This generation now, we have a deeper sense of pride. We have our own unique voice as far as dancing. We have a unique voice as far as music. We have a more unique interpretation of dance compared to how it was maybe 20 years ago.
We take some of the core of those old dances and incorporate them into something new, into something that modern people can appreciate. [A Tribe Called Red] takes old elements of what we appreciate as music — the drums, the pow wow songs and they incorporate it into a new style of music. A lot of new generational Natives, and non-Natives as well, can appreciate this Native music. They can appreciate the Native dance. They can appreciate the indigenous lifestyle, and its old elements incorporated into something new.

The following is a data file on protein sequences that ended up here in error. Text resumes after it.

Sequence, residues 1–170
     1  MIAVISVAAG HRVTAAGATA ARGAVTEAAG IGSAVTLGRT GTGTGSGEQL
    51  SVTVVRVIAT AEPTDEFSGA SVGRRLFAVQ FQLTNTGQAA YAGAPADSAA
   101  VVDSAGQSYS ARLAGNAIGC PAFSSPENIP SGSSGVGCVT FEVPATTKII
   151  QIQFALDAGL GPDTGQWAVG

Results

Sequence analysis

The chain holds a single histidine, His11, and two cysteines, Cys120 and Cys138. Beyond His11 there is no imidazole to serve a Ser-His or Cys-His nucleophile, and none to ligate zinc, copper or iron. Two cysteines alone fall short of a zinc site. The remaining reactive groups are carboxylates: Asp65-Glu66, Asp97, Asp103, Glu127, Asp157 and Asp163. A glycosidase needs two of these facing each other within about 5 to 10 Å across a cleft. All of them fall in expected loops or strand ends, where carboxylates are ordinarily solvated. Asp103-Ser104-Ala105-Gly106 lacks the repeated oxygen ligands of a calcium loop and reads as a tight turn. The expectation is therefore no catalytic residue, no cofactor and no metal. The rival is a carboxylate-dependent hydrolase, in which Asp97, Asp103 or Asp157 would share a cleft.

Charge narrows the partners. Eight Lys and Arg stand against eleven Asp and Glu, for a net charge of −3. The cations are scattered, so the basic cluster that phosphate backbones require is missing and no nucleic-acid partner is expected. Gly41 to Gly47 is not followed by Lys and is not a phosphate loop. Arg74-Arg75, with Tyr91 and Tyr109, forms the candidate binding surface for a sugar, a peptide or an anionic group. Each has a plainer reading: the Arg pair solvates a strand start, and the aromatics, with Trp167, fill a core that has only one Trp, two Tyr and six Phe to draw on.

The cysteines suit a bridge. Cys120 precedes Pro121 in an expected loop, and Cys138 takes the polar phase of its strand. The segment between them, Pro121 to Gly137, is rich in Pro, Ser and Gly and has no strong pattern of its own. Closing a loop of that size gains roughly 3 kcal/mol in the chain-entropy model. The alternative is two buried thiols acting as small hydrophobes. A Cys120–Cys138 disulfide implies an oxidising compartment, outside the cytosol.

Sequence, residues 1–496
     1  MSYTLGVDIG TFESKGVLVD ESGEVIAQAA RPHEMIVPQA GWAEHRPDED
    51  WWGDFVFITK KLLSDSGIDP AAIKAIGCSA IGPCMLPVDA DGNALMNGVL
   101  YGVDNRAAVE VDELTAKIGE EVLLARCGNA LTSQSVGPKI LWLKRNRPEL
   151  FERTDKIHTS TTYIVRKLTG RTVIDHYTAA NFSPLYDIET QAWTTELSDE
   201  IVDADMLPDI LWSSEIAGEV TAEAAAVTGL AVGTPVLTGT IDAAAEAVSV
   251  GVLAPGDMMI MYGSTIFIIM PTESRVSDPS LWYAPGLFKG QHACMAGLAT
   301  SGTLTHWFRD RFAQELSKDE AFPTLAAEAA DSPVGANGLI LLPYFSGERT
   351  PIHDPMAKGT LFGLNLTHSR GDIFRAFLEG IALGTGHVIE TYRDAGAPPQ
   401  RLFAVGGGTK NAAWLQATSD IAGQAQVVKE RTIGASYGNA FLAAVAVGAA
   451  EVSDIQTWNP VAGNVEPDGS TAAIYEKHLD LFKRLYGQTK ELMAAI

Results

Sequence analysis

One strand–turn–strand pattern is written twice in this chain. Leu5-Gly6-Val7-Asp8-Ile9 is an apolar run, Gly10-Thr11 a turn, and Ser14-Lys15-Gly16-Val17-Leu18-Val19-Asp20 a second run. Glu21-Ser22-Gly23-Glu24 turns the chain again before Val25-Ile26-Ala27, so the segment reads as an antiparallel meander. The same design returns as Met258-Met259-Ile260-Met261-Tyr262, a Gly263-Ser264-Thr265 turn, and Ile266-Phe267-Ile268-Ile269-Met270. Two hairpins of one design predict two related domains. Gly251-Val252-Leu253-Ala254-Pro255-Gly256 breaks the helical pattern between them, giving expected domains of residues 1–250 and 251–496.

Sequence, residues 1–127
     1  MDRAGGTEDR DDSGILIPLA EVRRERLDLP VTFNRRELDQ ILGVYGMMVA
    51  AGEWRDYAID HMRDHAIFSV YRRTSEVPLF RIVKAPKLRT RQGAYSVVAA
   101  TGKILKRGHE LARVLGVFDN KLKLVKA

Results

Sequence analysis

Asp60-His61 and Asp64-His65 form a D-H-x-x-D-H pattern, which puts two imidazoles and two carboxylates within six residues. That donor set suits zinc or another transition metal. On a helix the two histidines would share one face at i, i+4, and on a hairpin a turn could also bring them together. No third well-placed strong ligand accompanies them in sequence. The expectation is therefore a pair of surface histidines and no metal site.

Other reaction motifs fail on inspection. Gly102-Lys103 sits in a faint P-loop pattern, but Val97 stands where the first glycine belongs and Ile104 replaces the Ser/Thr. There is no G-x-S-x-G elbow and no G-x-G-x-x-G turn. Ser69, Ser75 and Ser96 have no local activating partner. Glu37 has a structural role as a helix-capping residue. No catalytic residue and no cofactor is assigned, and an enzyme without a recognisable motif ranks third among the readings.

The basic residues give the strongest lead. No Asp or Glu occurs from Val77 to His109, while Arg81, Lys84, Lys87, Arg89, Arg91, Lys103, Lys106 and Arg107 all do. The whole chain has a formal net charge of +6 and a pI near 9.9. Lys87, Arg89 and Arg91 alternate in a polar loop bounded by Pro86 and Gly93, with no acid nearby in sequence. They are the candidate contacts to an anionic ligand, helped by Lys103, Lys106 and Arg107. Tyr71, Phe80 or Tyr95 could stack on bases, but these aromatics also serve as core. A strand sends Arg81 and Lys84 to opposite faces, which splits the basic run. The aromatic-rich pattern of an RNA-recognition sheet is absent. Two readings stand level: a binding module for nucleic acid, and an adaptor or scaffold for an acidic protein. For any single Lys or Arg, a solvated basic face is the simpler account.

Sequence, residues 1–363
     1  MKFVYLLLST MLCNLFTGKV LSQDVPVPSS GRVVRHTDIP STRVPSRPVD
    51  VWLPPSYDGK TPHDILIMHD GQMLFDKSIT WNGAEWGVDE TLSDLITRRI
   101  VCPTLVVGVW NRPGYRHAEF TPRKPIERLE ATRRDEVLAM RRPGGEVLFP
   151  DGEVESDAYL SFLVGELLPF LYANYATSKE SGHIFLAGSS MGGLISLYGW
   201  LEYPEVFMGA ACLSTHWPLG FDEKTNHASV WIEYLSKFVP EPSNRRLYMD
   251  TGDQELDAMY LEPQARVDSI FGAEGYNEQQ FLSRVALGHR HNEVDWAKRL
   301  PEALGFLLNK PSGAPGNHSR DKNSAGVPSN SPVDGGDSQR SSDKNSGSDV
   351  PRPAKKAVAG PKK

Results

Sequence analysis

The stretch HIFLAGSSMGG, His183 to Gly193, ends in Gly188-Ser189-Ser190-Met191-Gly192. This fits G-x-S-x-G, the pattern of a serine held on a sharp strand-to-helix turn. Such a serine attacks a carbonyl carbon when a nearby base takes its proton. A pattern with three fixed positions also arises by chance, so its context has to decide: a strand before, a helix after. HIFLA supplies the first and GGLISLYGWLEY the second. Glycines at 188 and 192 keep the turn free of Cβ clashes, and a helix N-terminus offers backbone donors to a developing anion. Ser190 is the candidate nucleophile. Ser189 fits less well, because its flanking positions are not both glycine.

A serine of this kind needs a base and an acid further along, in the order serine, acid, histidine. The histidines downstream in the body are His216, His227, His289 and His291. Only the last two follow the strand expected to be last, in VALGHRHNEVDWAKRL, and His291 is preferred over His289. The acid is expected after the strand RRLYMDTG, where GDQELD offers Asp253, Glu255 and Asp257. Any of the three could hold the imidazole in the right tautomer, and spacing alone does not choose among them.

Along those same lines, my style of dance is the same. I have these old elements of dance, these old appreciations of the nature, the grass, the balance, the life cycles within my hoop, the old appreciation of the walks of life, the animal nation, the plant nation in my dance. Then I incorporate it into a new style, in my own mind — what I see as a young Native man, what I am seeing as beautiful. I also see neon colors as beautiful. I have a plaid base on my outfit; I see plaid clothes as something fresh and new, whereas times ago they would use maybe a buckskin cloth and a beaded vest. My outfit is made from plaid Hollister shirts and neon ribbons. I try to carry the old styles of our cultural ways and incorporate them into something new.